Here is my new plan.

First we will spread disinformation, to lull the Yankee Imperialist War-mongers to sleep;
- The KGB will scatter rumours that the Kremlin is undergoing a major thaw; that the younger generation is finally shoving aside the old men who had gained their positions by enforcing Stalin’s terror. A new day is dawning, we will say. It is morning in old Mother Russia.

- Hundreds of thousands of soldiers and sailors will be sent on furlough.
- Top Politburo leaders will visibly take time off for “conferences” at a Westernized resort in Yugoslavia, where they proceeded to eat, drink and be merry, knowing that the CIA will be taking photos.

- Send the Bolshoi Ballet to play Carnegie Hall.
- Send the Russian hockey team to play a series against Canada.
- Pravda will be instructed to run an editorial saying that there should be more cultural exchanges between the U.S.A. and the U.S.S.R., and they should share medical research.
- Soviet Air Force will stop taking threatening runs at Western airspace.
-A third of the submarine fleet will placed in dry-dock for “repairs and modernization”, expected to take years.
- Activity around Soviet military bases will be visibly reduced.
- Aeroflot will place cheeky ads in Western newspapers, riffing on the Beatles song “Back in the U.S.S.R” (“Those commune girls know how to keep their Comrades warm – come visit the U.S.S.R.”)
- And then, final proof: the Kremlin will invite Pepsi-cola to build a bottling plant near Leningrad. A sure sign of the End Times.
= Then we will ask our fellow-travellers at Time Magazine to make Kazbeki the Man of the Year.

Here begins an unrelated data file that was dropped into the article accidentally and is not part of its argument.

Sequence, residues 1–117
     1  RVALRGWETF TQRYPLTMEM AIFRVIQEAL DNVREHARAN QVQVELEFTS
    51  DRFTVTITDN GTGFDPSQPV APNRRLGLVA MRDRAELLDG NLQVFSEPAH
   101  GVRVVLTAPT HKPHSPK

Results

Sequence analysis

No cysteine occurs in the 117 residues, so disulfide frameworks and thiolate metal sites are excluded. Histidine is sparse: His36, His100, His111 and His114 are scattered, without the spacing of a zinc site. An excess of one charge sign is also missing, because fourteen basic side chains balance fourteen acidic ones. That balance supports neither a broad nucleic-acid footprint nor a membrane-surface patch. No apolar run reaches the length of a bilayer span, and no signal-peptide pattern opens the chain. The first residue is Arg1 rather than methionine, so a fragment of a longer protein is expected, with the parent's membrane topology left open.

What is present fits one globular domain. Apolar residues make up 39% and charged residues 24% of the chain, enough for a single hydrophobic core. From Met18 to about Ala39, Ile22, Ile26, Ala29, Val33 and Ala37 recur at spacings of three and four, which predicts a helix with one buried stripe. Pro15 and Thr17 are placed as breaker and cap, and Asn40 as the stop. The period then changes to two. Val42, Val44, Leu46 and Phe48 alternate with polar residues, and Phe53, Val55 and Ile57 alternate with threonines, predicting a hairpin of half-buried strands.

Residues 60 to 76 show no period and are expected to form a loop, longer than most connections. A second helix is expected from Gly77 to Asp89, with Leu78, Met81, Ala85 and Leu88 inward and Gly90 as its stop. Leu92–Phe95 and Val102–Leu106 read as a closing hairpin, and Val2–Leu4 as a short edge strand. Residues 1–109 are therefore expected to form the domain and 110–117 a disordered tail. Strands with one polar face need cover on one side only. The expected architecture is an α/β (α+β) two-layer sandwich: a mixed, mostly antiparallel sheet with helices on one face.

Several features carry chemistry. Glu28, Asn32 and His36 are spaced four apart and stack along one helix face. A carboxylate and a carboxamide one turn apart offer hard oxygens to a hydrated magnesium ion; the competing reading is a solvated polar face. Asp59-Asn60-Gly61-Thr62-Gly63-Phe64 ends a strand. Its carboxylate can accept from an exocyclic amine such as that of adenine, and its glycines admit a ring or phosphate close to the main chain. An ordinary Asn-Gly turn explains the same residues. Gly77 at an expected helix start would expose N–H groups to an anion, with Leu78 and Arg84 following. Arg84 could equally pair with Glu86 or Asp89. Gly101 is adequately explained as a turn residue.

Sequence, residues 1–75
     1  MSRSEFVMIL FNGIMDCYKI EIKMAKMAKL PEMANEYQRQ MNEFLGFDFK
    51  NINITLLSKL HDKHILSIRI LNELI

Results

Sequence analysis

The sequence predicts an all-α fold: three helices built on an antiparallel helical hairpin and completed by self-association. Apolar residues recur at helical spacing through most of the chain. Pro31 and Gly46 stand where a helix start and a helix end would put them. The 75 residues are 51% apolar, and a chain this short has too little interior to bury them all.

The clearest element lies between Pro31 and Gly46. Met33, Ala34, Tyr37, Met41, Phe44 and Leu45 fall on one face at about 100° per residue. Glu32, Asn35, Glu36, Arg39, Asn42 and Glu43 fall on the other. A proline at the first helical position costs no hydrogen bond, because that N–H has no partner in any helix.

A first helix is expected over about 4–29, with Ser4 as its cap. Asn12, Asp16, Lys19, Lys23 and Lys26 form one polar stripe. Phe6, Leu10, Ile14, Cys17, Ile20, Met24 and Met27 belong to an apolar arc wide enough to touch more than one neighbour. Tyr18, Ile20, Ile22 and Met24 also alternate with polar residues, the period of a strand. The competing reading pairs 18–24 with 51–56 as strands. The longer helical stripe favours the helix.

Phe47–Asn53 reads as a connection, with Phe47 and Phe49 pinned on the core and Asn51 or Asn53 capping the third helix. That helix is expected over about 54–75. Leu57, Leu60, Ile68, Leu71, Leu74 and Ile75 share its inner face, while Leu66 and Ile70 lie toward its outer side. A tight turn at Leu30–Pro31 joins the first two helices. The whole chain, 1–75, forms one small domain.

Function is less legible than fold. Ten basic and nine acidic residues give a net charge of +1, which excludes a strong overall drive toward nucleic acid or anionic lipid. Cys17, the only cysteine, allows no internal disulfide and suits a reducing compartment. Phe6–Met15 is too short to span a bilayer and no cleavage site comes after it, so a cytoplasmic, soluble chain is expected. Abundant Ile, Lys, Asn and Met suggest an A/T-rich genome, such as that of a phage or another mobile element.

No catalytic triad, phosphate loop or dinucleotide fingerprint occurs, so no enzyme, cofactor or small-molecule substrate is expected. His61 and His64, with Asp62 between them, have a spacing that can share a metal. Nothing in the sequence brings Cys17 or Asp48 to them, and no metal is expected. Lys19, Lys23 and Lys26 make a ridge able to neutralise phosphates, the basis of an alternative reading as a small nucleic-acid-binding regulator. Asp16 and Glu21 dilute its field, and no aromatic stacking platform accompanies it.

By the way, is Alger Hiss still on the KGB payroll?

Then, we will attack America with ONE submarine, with 24 ICBM’s mirved for 10 warheads each. When the submarine leaves Murmansk, we will stage it as a training exercise for young crewmen; have their tearful girlfriends at the dock throwing flowers, and the young sailors saying they will be back within a couple of weeks, so keep the bed warm.

The submarine will get almost to the centre of the continent by going past Killiniq, deafening the sensors with an underwater explosion – or landing a sabotage team of scuba divers on Killiniq Island to take control of the communications system and detach or remove underwater sensors of “Canada’s Maginot Line”. (Both of these methods have been successfully tested in Canadian Arctic waters by nuclear submarines from Russia and France.) Then it is clear sailing, down Hudson’s Bay to James Bay, from whence it takes only six minutes for an ICBM to reach Washington. How ‘ya like them apples?

The U.S. Navy would not bother sending a hunter-killer sub to shadow the Soviet submarine, especially as the Soviet military was being unwarlike and peace-loving, and huge numbers of soldiers were sent home as being no longer needed in this brave new world. Obviously, one sub on a short training mission is no threat.

We will attack during the President’s annual State of the Union address. All Senators and Congressmen, the V.P. and all the Cabinet Ministers and Supreme Court Judges are assembled in one place at one time, along with many guests, ambassadors, and the Washington press corps, and it is all broadcast live on national T.V. We can vaporize America’s Executive branch and Legislative branch with one warhead. There will be no elected official left to give the order to launch America’s firepower, and the military is trained to obey the elected representatives.